Gauge pressure is the relevant measure of pressure wherever one is interested in the stress on storage vessels and the plumbing components of fluidics systems. However, whenever equation-of-state properties, such as densities or changes in densities, must be calculated, pressures must be expressed in terms of their absolute values. For instance, if the atmospheric pressure is 100 kPa, a gas (such as helium) at 200 kPa (gauge) (300 kPa [absolute]) is 50 % more dense than the same gas at 100 kPa (gauge) (200 kPa [absolute]). Focusing on gauge values, one might erroneously conclude the first sample had twice the density of the second one.

Scalar nature

In a static gas, the gas as a whole does not appear to move. The individual molecules of the gas, however, are in constant random motion. Because we are dealing with an extremely large number of molecules and because the motion of the individual molecules is random in every direction, we do not detect any motion. If we enclose the gas within a container, we detect a pressure in the gas from the molecules colliding with the walls of our container. We can put the walls of our container anywhere inside the gas, and the force per unit area (the pressure) is the same. We can shrink the size of our "container" down to an infinitely small point, and the pressure has a single value at that point. Therefore, pressure is a scalar quantity, not a vector quantity. It has magnitude but no direction sense associated with it. Pressure acts in all directions at a point inside a gas. At the surface of a gas, the pressure force acts perpendicular (at right angle) to the surface.

A closely related quantity is the stress tensor σ, which relates the vector force F to the vector area A via

mathbf{F}=mathbf{sigma A},

This tensor may be divided up into a scalar part (pressure) and a traceless tensor part shear. The shear tensor gives the force in directions parallel to the surface, usually due to viscous or frictional forces. The stress tensor is sometimes called the pressure tensor, but in the following, the term "pressure" will refer only to the scalar pressure.

Types

Explosion or deflagration pressures

Explosion or deflagration pressures are the result of the ignition of explosive gases, mists, dust/air suspensions, in unconfined and confined spaces.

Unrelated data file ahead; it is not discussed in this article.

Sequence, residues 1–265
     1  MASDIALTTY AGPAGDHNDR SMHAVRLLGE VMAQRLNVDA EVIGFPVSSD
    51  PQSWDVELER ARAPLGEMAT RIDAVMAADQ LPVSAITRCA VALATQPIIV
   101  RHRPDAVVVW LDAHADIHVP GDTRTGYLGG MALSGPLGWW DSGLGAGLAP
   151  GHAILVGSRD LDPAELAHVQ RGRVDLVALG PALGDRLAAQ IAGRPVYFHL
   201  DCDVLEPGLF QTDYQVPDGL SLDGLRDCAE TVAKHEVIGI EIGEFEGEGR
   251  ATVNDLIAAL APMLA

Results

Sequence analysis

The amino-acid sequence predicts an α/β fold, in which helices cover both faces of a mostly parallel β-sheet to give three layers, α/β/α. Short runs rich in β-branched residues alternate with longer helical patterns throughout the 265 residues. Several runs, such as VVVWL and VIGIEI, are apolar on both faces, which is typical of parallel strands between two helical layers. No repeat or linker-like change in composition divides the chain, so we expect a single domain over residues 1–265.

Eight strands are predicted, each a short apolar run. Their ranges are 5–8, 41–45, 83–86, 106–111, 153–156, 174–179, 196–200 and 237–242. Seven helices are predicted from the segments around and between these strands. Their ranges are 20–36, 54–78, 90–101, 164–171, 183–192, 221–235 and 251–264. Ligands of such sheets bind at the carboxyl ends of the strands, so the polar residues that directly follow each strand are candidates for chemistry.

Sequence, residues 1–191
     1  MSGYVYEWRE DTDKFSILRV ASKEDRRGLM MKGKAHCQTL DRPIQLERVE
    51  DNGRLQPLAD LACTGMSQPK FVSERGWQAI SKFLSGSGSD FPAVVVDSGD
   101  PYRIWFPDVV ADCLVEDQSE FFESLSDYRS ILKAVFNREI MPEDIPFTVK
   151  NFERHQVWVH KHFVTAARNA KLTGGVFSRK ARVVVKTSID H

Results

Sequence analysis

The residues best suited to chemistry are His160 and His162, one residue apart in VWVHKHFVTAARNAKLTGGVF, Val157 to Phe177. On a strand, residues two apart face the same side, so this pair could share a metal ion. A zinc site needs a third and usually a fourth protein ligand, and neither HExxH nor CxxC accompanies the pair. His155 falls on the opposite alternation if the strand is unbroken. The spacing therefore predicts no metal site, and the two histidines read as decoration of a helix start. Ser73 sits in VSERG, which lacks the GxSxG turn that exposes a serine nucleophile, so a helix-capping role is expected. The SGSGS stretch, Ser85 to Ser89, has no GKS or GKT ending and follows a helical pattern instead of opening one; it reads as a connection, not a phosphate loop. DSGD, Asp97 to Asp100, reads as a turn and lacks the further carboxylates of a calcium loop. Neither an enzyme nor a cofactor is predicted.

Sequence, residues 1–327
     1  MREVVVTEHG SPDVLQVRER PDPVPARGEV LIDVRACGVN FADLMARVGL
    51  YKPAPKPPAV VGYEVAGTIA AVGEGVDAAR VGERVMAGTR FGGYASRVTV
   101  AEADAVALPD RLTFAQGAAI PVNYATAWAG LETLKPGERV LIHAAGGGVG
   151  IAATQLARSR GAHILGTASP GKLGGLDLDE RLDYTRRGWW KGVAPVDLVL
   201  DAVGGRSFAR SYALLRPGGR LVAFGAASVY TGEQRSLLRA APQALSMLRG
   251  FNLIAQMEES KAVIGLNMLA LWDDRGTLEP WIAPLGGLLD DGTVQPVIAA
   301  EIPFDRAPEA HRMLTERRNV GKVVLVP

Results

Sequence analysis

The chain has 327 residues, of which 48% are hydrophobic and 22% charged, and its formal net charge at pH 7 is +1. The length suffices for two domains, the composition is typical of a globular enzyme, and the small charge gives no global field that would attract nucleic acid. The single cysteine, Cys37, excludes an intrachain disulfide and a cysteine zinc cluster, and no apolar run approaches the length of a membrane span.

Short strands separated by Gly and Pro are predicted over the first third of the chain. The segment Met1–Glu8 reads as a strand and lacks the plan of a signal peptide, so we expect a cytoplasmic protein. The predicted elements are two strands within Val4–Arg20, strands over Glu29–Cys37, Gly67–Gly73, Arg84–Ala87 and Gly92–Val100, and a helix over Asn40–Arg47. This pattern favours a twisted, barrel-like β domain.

Negative pressures

While pressures are generally positive, there are several situations in which negative pressures may be encountered:

  • When dealing in relative (gauge) pressures. For instance, an absolute pressure of 80 kPa may be described as a gauge pressure of -21 kPa (i.e., 21 kPa below an atmospheric pressure of 101 kPa).
  • When attractive forces (e.g., Van der Waals forces) between the particles of a fluid exceed repulsive forces. Such scenarios are generally unstable since the particles will move closer together until repulsive forces balance attractive forces. Negative pressure exists in the transpiration pull of plants.
  • The Casimir effect can create a small attractive force due to interactions with vacuum energy; this force is sometimes termed 'vacuum pressure' (not to be confused with the negative gauge pressure of a vacuum).
  • Depending on how the orientation of a surface is chosen, the same distribution of forces may be described either as a positive pressure along one surface normal, or as a negative pressure acting along the opposite surface normal.
  • In the cosmological constant.

Stagnation pressure

Stagnation pressure is the pressure a fluid exerts when it is forced to stop moving. Consequently, although a fluid moving at higher speed will have a lower static pressure, it may have a higher stagnation pressure when forced to a standstill. Static pressure and stagnation pressure are related by the Mach number of the fluid. In addition, there can be differences in pressure due to differences in the elevation (height) of the fluid. See Bernoulli's equation (note: Bernoulli's equation only applies for incompressible flow).

The pressure of a moving fluid can be measured using a Pitot tube, or one of its variations such as a Kiel probe or Cobra probe, connected to a manometer. Depending on where the inlet holes are located on the probe, it can measure static pressure or stagnation pressure.

Surface pressure

There is a two-dimensional analog of pressure -- the lateral force per unit length applied on a line perpendicular to the force.

Surface pressure is denoted by π and shares many similar properties with three-dimensional pressure. Properties of surface chemicals can be investigated by measuring pressure/area isotherms, as the two-dimensional analog of Boyle's law, πA = k, at constant temperature.

pi = frac{F}{l}.

Pressure of an ideal gas

In an ideal gas, molecules have no volume and do not interact. Pressure varies linearly with temperature, volume, and quantity according to the ideal gas law,
P=frac{nRT}{V}
where:
n is the number of moles of substance
T is the temperature (in kelvin)
V is the volume (in liters)
R is the ideal gas constant.

Real gases exhibit a more complex dependence on the variables of state.

See also

Notes

External links